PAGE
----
Growth

On The Practice of Arnis and Art of Breathing Through Another Gruelling Minute

By Lia Moran : Learning to fight the big guys; sparring session in Toronto (Photo credit: JB Ramos)

 

I have held wooden sticks before.  A stick to aerate the soil, a stick to pierce pieces of meat, a stick to stabilize my footing on uneven terrain.  Now I am learning to hold sticks for a different purpose.

 

About 2 years ago I began to study the martial art of using sticks (and daggers and open hands) to parry blows and strike effectively on sensitive parts of the human body, to be very specific the head, hands, upper thighs, and any part below the knees.  The martial art of Arnis / Eskrima / Kali originated from the Philippines and it has contributed to both the history and diversity of the country. As the Philippines was colonized by the Spaniards and the Americans and, for a brief period was occupied by the Japanese during World War II, there arose a compelling need for self-defense.

 

I see the study and practice of Arnis as a way to stay connected to the colours, flavour and intensity of the culture of the land of my birth.

 

Add to the fact that trying to evade a windmill of sticks coming at you is heaps of fun.

 

Debrecen, Hungary was the host city of the 2014 World Eskrima Kali Arnis Federation (WEKAF) International Tournament.  There were 17 countries competing with over 200 fighters. 15 of those fighters represented Team Canada all of whom were determined to do their best and represent their schools and their country with pride and integrity.  I was one of the fighters.

 

From the time of the country qualifying tournament in March 2014 to the competition in Debrecen I had 18 weeks to transform myself into the best (slip in an “a” in the middle of that word and it could a different story all together) that I could be.  In preparing to be the fighter I wanted to be, I knew my road was going to be filled with numerous sparring rounds, heart stopping sprints up and down Broadview Hills, cascading sweat under the body armor until it soaks and softens to my shape, and being comfortable with a whirl of sticks hitting me relentlessly.

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Practice sparring for the 2014 WEKAF International Tournament in Debrecen, Hungary. From left to right: Nadia Bruno, Lia Moran and Coach JB Ramos (Photo credit: Eileen Dalusong)   Each fight has 3 rounds of 1 minute each with 30 seconds rest in between.  In each of those rounds, I tried to remember the important parts of my training, – the combinations I practiced, my coach’s notes to breathe and move out of my opponent’s range; and the reminder to run my own play and not just react to my opponent’s hits.  And for that one full minute, 30 seconds will seem very long, even 3 seconds will feel like a stretch of time.  In that one minute, one will try to perform as many effective strikes as one can and hopefully dance away from the opponent’s striking range. Sometimes one is  able to move away, sometimes it just seems like your feet are stuck in a bin of freshly poured cement.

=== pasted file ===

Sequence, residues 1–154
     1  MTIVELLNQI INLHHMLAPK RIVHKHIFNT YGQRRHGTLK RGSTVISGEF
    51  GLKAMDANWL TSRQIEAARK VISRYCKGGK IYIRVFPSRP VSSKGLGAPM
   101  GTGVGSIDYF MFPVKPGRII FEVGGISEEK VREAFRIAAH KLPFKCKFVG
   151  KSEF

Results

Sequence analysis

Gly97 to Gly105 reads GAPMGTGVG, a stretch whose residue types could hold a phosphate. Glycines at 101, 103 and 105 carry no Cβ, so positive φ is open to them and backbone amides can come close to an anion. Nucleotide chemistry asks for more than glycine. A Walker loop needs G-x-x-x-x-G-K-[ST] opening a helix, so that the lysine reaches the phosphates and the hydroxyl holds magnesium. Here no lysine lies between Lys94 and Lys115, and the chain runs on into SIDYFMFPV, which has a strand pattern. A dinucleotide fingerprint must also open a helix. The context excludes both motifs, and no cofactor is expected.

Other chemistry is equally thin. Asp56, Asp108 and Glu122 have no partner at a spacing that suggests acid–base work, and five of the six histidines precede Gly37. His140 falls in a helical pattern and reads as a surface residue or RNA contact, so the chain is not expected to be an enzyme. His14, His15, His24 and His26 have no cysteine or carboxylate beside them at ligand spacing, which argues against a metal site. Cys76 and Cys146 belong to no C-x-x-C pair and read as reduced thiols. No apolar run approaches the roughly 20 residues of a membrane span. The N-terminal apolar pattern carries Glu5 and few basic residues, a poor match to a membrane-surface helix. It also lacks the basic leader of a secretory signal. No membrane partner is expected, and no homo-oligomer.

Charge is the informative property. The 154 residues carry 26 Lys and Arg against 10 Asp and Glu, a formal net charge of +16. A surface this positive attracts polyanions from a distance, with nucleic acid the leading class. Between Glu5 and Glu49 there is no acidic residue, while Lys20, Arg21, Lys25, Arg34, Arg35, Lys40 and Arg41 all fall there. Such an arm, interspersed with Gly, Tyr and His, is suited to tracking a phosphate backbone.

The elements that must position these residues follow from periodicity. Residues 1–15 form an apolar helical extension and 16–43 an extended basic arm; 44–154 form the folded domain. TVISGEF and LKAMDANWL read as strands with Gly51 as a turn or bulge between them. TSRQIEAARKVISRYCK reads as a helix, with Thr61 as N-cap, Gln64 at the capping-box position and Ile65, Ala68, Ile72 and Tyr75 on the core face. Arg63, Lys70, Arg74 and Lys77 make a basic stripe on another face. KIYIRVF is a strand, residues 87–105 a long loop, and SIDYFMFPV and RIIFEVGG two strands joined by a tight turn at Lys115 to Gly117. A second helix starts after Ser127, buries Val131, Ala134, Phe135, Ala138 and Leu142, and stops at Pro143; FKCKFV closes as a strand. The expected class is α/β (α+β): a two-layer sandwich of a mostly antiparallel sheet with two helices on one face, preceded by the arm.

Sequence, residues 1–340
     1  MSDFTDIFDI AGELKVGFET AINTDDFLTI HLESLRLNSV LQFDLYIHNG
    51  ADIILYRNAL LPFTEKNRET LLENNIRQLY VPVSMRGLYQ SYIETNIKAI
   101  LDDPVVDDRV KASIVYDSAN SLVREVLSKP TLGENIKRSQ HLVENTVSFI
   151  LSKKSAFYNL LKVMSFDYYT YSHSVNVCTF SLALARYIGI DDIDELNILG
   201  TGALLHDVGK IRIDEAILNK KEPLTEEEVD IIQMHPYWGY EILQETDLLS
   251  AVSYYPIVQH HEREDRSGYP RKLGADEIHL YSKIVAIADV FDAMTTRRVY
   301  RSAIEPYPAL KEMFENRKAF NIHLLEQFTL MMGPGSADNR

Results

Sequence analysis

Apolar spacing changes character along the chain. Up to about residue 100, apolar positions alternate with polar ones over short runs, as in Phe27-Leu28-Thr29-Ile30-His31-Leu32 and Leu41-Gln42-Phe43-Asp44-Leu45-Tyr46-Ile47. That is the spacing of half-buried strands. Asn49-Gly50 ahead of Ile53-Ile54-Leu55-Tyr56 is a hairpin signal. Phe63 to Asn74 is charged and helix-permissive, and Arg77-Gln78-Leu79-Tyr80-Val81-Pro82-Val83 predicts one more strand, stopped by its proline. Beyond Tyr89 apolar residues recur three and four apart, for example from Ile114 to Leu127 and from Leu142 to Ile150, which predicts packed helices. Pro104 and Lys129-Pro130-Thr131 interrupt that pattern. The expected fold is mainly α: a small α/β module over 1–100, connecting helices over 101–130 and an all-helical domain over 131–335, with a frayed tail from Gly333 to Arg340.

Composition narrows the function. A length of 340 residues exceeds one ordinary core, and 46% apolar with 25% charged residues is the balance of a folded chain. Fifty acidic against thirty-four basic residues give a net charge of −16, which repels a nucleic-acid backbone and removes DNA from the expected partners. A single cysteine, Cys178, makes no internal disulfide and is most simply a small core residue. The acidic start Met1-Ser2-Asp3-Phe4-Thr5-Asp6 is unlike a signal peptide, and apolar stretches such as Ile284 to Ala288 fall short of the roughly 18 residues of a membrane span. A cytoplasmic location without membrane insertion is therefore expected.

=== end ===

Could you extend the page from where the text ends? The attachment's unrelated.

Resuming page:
Here’s my experience of a countdown to a fight:

 

First, the gear:  One needs to be fully protected as possible – knee pads, arm guards, neck guard, gloves,  body armour and helmet .  You don’t want to willingly come out from a sparring session all purply and swollen looking like the youngest member of the eggplant family.  

 

Second, the fight rounds: As your name and weight category is announced, your hearts starts to thud, first slowly and rhythmically. Then as you step into the ring it starts to accelerate to a fury of syncopated beats.  

 

Third, the call to start: One bows to the referee, to the tournament officials and time keeper, and finally to your opponent and cross each other’s sticks.   And when the referee blows the whistle to start or shouts “Handa, Laban!” (Filipino for “ready, fight”), all your blood cells go “this is it!”

 

During one of my fights in Debrecen, it sometimes felt like the minute never ends and I had nothing left to give. But the round finally comes to an end and I was allowed 30 seconds to rest, reflect and recuperate. In that 30 second rest, when I had my head down, my coach punched her fingers into my face grill and asked the big question “can you do one more for me?” for half a beat I thought “Coach, you must be crazy!” but it was just what I needed to hear and with her one question I knew she meant “can you push yourself to do one more strike? To do one more move that’s faster than before? Can you move out of your limiting self and allow your potential to soar? My most important learning from this competition was that to be recognized as one of the best, I needed to think outside of myself and do my best for others.